Takeaways:
·       We now have the technology available to facilitate medical device repair and/or training via a remote location.
·       Medical Devices no longer need to be discarded just because no one can fix them on-site.
·       The very basics of biomedical equipment repair can be taught remotely.  In addition, those with limited repair experience can be guided from a remote location.

For more information:
·       Medical Equipment Donated to Developing Nations Usually Ends Up on the Junk Heap – “Medical equipment donations enable hospitals in developing countries to get their hands on expensive and much-needed technology. However, there is a growing concern that those donations do more harm than good. Hallways and closets often become cluttered with unused or broken-down equipment for which locals lack parts or training in how to make repairs.”
·       Engineering World Health – “Provides students from around the world with the life-changing educational experience of repairing vital medical equipment in the world's most resource-poor communities.  In collaboration with local partners in Asia, Africa, and Central America, creates locally sustainable training programs for biomedical engineering technicians (BMETs).”
·       Frank’s Hospital Workshop – “I hope that this website can be a little support to all biomedical technicians in developing countries.  Here you find all the documents about biomedical technology I have collected, all the user and service manuals I have, all training courses that I have developed and have held.”
·       Biomedical Engineering Website by Reza Najafi – “This website is designed to assist Clinical / Biomedical Engineers to find manuals and information about Medical Equipment.”
·       International Medical Equipment Collaborative – “Used equipment is repaired as needed by skilled technical volunteers, many of whom are retired electrical engineers and medical technicians.”
·       MedWrench.com – “MedWrench.com is a resource and sharing network for users of medical equipment. You can get answers, find information and read what others think about the equipment they use. It is free to join and easy to keep informed.”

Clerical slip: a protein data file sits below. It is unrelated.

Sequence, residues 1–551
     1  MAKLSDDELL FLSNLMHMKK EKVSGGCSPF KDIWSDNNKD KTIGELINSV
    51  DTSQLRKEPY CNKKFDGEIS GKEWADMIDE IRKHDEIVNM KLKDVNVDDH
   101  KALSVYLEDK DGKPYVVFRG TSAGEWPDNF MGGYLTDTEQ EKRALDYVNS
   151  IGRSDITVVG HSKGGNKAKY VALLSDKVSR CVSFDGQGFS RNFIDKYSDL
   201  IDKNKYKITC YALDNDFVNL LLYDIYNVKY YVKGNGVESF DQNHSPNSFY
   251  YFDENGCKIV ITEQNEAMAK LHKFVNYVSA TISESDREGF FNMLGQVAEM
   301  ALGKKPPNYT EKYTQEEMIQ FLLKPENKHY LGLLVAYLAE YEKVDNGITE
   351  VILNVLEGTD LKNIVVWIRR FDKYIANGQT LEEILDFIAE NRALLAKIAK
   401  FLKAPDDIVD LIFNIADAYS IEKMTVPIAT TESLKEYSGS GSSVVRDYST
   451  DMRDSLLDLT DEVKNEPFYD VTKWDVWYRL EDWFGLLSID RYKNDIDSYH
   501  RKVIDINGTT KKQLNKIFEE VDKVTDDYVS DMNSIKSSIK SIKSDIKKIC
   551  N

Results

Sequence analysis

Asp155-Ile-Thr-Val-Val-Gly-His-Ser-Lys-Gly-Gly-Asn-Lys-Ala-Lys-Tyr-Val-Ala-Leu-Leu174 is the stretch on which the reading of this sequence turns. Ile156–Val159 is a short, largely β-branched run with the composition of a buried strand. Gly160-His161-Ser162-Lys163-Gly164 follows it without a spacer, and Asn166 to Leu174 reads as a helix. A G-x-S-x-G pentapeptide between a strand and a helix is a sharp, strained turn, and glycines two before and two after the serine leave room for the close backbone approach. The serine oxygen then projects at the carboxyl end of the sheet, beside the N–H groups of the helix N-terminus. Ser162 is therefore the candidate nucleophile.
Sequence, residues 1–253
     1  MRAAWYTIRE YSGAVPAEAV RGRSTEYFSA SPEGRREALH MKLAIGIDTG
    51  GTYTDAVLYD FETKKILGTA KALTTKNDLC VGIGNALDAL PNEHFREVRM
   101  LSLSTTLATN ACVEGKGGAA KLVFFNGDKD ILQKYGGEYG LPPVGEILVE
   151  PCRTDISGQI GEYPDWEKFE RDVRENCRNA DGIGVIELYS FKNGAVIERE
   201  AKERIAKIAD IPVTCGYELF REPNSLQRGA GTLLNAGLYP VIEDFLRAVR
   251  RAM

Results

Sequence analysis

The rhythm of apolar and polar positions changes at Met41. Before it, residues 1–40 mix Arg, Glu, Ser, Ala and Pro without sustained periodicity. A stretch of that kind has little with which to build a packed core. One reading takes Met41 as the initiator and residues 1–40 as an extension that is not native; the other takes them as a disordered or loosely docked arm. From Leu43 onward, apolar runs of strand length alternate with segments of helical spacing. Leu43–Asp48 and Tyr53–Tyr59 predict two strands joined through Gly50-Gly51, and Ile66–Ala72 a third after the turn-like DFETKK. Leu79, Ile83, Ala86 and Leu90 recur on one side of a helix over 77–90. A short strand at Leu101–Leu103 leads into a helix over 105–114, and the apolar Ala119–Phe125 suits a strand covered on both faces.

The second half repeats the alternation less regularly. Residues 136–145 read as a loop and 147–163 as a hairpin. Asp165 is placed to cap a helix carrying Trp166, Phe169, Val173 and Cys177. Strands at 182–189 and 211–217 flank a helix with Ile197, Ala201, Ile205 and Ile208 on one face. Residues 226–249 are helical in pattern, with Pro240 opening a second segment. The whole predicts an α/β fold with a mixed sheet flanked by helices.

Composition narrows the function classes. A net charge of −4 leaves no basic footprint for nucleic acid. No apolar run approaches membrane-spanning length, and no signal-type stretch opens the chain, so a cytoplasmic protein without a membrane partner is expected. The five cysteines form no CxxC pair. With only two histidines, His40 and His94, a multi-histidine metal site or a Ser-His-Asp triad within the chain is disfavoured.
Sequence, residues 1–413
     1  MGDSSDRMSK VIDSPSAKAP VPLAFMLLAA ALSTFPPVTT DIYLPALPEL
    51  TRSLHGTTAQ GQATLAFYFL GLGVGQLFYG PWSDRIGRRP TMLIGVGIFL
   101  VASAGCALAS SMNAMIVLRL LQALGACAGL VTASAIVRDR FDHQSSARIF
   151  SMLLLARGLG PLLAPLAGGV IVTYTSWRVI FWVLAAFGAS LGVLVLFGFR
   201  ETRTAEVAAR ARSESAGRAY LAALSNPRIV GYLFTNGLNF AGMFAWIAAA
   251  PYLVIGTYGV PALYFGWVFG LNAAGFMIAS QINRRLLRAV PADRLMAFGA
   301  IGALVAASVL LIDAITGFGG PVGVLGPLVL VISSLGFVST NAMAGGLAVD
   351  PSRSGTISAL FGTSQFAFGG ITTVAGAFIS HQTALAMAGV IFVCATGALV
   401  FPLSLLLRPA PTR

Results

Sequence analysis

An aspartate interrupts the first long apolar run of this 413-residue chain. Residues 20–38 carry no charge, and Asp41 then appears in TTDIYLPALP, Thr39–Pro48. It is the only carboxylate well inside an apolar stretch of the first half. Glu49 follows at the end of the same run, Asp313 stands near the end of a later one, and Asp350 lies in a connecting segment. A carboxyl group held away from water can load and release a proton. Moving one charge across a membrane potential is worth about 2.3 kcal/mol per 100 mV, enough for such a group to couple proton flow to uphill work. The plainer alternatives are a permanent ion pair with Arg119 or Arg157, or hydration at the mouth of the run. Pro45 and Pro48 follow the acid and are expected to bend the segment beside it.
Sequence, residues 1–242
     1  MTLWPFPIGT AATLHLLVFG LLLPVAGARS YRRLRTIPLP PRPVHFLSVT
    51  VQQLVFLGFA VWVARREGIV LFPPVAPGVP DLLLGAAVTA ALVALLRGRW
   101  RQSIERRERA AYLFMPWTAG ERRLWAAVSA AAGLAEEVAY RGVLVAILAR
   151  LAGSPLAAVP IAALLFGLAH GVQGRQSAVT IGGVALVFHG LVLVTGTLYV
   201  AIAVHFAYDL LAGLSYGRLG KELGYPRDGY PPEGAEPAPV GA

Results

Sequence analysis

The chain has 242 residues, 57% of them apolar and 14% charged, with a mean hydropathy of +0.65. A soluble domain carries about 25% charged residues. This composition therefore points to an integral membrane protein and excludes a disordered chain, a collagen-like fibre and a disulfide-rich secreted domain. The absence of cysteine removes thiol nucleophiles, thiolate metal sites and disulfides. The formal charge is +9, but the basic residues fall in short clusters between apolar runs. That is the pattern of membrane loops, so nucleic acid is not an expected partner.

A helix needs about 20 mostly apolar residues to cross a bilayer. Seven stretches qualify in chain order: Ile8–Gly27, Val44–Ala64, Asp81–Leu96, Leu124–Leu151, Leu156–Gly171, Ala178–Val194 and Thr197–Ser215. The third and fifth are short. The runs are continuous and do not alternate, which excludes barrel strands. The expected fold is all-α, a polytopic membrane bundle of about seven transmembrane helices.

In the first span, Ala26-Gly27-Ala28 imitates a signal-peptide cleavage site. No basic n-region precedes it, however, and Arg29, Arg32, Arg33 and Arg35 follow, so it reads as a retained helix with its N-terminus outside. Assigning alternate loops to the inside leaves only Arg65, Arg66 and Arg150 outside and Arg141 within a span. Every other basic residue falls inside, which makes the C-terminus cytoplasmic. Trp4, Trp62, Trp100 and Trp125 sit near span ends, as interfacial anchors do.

·       Medical equipment partnerships programme – “As part of the Health Partnerships Scheme (HPS), THET is running a medical equipment partnerships programme which funds five partnership projects between UK and low-income country partner institutions to improve the maintenance and management of medical equipment within developing country institutions.”
·       BMETForum.com – “This is the place to connect with biomedical equipment technicians, clinical engineers, and other healthcare technology management professionals.”
·       Medical Equipment Tele- and Condition-Based Maintenance with Enhanced Remote Diagnostic Access (RDA) and Computer Vision – “The current medical equipment maintenance model is “on site and physical”, rather than “remote and virtual”.  There is no comprehensive or standardized remote diagnostic access (RDA) capability for biomedical technicians to troubleshoot and resolve problems remotely and securely.  Additionally, the current operations model is “reactive”, rather than “proactive”, in terms of early problem detection and prevention.  The lack of visibility to the health of medical equipment and the need to be on site for problem resolution, coupled with frequent rotations and scarcity of medical equipment technicians, continue to cause considerable downtime of critical medical equipment densities and is detrimental to the health care support to our war fighters.”
·       Maintenance and repair of laboratory, diagnostic imaging, and hospital equipment, World Health Organization, 1994 – “A practical guide to the maintenance and repair of essential laboratory and hospital equipment. Intended for use in institutions that do not have specially trained technicians or engineers, the book responds to the situation, frequently seen in developing countries, where much of the equipment is imported and adequate information on maintenance and repair is rarely provided by suppliers. With these special needs in mind, the manual aims to help staff using specific types of equipment to understand basic principles of construction and operation, adopt good working practices, avoid common errors, perform routine maintenance, and spot the early signs of defects or deterioration. Advice on equipment repair concentrates on common causes of problems that can be solved without expertise in engineering.”

Disclaimer – This article is for information only and is not medical or legal advice.